“Yet to die. Unalone still.”

By Osip Mandelstam 1891–1938 Osip Mandelstam

Translated By John High and Matvei Yankelevich Read the translator's notes

Yet to die. Unalone still.
For now your pauper-friend is with you.
Together you delight in the grandeur of the plains,
And the dark, the cold, the storms of snow.

Live quiet and consoled
In gaudy poverty, in powerful destitution. 
Blessed are those days and nights.  
The work of this sweet voice is without sin.   

Misery is he whom, like a shadow,   
A dog’s barking frightens, the wind cuts down.   
Poor is he who, half-alive himself   
Begs his shade for pittance.
January 15-16, 1937

Source: Poetry (April 2009).


This poem originally appeared in the April 2009 issue of Poetry magazine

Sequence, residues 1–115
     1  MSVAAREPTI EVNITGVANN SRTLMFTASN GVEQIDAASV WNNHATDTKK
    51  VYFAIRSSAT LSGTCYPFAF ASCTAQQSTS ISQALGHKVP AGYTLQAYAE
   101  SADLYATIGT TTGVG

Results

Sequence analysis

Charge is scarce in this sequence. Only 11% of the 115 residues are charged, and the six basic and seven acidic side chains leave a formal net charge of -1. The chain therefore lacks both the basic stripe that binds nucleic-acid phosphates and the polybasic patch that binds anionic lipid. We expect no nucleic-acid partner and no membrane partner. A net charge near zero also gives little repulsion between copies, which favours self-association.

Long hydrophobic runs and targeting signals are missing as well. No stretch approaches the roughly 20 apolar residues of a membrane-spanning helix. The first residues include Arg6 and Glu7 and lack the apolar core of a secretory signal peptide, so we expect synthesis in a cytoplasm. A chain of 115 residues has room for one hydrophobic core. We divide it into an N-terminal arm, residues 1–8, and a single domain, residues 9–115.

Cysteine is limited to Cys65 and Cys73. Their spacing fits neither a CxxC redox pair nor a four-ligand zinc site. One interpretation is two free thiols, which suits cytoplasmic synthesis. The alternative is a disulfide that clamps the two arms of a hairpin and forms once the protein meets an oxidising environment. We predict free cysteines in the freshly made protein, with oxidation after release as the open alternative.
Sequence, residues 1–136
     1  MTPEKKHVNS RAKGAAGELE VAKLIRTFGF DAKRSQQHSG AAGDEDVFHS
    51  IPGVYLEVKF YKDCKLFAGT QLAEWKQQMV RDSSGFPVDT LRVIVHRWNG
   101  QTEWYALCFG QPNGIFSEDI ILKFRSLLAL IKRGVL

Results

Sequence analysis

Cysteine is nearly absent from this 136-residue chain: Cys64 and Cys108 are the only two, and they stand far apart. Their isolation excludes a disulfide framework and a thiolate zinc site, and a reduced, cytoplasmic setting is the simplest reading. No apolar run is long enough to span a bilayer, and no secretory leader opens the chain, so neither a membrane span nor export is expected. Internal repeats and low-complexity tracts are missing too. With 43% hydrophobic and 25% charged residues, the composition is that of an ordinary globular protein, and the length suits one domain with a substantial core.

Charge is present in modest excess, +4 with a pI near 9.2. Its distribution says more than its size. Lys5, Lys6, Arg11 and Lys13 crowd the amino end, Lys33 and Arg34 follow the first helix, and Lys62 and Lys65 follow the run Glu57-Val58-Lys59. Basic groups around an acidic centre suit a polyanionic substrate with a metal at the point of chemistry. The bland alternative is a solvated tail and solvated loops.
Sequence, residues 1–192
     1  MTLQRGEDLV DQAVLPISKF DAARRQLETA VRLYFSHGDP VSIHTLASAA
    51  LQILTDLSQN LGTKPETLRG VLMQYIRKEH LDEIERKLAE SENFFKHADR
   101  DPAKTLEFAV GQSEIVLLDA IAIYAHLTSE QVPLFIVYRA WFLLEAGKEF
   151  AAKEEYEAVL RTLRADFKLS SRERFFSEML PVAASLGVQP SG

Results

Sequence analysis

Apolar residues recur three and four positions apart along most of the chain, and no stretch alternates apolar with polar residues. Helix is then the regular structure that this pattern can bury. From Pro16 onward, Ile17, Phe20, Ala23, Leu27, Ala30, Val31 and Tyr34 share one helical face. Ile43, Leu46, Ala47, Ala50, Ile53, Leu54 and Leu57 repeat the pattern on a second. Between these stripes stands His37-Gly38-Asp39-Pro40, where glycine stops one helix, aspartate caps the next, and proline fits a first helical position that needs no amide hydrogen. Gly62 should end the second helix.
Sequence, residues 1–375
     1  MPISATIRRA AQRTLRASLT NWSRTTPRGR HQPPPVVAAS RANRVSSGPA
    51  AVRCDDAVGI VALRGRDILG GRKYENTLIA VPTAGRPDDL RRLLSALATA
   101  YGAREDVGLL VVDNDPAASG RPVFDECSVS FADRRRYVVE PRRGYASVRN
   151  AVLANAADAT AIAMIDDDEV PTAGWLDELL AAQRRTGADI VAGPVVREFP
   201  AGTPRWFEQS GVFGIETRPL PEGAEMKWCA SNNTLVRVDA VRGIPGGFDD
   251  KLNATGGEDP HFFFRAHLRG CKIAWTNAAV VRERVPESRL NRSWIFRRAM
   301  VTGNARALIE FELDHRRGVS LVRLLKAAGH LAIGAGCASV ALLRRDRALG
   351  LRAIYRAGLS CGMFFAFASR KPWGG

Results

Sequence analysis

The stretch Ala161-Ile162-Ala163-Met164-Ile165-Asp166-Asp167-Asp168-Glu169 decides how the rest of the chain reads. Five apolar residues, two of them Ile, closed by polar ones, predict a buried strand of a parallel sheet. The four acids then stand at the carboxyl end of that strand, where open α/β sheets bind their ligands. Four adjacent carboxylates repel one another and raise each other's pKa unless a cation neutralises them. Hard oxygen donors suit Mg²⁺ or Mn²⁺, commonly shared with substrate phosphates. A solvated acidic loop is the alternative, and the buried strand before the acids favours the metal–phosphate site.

April 2009
 Osip  Mandelstam


Osip Mandelstam ranks among the most significant Russian poets of the twentieth century. He was born in Warsaw, Poland in or around 1891, but soon afterward his family moved to St. Petersburg, Russia. In St. Petersburg, the Jewish Mandelstams—on the strength, according to some critics, of the father’s fine standing as a leather merchant—managed to live relatively free of the anti-Semitic hostilities which were then pervasive. . . .

Continue reading this biography

Poem Categorization

SUBJECT Living, Death


Poetic Terms Free Verse

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